THE number of people unable to pay household bills on time is rising, new research has found.
Cash-strapped householders are having to hold off on making payments on mortgages, loans, utility bills and telephone and TV services.
A new survey from the Irish League of Credit Unions shows that four out of 10 adults admit they have fallen behind on household bills.
Spending has had to be sacrificed in other areas to pay essential bills, according to the research carried out for the credit unions by iReach. A third of households report spending less on food to ensure there is enough money to cover the cost of mortgages and loans.
Also getting the chop in the family budget are nights out, holidays and entertainment.
Spending on home improvements, club memberships and extra-curricular activities for children has also been reduced.
But there has been a slight rise in household disposable incomes.
The average working adult has €205 a month left after paying tax and the main bills, which is up from €188 in May.
Households have a net income of €2,604 a month, a slight rise from the May figure.
Despite the improvement in incomes, the survey showed that around 1.18 million adults have just €50 or less left at the end of the month after they had covered the main household expenses.
This is out of a total of 3.45 million adults.
But there are now 21,000 fewer people who have €50 or less left over each month.
Close to half a million adults have nothing at all left after providing for their day-to-day spending, according to the Irish League of Credit Unions
In May, there were slightly more people with nothing left.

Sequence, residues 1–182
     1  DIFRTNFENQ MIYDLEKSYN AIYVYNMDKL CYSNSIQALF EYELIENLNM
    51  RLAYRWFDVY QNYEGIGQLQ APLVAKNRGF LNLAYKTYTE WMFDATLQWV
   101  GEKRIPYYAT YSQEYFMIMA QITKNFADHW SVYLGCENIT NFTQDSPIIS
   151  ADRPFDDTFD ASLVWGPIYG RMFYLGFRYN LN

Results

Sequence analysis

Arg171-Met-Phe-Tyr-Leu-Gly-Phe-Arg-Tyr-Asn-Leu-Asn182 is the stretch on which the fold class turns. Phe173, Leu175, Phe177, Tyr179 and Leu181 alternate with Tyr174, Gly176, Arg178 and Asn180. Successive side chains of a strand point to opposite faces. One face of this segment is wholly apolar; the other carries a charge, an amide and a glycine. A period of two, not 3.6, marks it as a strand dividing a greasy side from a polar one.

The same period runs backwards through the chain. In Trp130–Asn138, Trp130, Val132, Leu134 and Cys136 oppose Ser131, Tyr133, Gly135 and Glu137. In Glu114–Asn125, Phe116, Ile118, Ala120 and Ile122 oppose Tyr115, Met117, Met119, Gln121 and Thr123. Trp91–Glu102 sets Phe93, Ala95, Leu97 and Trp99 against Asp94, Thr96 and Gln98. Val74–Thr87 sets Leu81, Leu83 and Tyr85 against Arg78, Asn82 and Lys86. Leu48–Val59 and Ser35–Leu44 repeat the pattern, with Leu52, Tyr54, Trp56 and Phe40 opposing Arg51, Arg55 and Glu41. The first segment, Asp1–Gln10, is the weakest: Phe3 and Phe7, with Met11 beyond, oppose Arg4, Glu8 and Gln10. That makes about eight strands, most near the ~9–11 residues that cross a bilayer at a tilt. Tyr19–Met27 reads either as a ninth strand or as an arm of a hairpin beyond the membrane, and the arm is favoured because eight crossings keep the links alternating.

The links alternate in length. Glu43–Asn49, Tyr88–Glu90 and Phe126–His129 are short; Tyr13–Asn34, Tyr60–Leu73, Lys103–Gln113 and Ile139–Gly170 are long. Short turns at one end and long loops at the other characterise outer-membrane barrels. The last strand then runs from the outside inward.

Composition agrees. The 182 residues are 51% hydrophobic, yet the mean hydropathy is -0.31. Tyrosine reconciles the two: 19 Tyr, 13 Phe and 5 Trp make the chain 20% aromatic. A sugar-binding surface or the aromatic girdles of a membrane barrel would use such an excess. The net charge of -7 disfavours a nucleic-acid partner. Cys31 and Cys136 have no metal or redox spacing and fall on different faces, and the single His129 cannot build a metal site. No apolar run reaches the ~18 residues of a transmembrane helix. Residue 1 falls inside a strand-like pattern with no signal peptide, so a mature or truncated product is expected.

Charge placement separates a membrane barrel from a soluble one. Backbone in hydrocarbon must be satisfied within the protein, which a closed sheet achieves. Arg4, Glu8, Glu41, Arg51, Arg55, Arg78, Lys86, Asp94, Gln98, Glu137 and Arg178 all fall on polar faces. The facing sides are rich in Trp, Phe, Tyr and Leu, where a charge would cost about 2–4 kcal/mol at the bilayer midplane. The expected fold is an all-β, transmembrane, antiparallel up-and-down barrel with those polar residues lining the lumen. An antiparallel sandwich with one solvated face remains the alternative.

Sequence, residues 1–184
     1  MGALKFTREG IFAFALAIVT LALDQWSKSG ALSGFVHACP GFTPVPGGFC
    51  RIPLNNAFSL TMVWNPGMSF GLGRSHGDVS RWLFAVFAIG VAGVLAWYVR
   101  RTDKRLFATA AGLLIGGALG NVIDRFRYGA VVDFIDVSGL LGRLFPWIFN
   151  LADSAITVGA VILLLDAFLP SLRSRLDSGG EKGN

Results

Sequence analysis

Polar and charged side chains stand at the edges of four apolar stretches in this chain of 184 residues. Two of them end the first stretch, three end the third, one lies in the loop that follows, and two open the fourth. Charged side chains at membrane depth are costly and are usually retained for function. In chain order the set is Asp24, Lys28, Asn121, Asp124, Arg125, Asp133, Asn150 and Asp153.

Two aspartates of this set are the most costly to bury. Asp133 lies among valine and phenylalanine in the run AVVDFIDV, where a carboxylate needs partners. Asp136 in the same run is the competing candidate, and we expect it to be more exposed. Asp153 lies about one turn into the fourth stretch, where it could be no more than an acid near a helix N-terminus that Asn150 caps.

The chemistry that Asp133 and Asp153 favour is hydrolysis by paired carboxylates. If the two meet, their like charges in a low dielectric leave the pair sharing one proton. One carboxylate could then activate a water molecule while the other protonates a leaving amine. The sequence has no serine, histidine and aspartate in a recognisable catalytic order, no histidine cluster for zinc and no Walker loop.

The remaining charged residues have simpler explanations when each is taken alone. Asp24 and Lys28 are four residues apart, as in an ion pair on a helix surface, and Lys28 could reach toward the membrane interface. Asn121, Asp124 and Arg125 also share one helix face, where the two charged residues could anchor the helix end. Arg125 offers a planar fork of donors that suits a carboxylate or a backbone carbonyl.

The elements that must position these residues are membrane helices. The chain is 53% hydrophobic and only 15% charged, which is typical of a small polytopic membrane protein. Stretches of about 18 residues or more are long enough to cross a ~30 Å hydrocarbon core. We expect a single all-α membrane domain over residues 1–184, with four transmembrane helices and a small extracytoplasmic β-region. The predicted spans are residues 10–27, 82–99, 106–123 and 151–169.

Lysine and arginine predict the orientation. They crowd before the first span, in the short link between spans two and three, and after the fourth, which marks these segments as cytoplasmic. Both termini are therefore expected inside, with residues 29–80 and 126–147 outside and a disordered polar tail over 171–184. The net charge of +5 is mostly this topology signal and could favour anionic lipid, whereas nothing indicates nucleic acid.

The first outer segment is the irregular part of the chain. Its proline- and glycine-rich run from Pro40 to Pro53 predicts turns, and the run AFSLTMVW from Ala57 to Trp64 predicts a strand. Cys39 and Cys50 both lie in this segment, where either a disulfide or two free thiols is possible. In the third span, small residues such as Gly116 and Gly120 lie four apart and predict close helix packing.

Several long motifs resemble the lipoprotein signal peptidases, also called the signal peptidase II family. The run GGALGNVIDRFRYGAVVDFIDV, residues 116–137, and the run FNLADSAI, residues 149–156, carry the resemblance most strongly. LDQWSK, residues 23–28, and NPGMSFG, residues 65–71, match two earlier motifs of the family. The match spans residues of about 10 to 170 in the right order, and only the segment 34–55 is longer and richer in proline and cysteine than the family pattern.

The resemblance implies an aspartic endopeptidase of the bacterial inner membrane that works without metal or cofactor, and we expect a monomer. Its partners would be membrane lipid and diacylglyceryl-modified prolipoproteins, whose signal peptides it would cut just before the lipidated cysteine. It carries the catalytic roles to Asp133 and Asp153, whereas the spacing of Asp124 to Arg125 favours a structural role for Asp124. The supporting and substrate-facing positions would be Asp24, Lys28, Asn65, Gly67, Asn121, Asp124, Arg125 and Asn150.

More than one-third of households have given up at least one form of insurance in the past year. Most likely to be ditched is health insurance, followed by life insurance and then travel insurance.
One in five said they had stopped paying for home insurance – a decision that would leave them exposed in the event of a fire, a break-in or a major domestic accident. Six out of 10 people are not in a position to save money in a bank or credit union. But for those who can set funds aside, the average amount is up and stands at €187 a month.
The survey also reveals that hard-pressed householders are considering opting for pre-paid electricity meters in a bid to control costs.
Although consumers are aware that electricity prices are higher when a pre-paid meter is used, most feel such devices will give them more control over their usage.
League chief executive Kieron Brennan said householders were stretched to their limits trying to manage the household budgets.
"This round of research shows us that nearly 40pc are still struggling to pay their bills on time."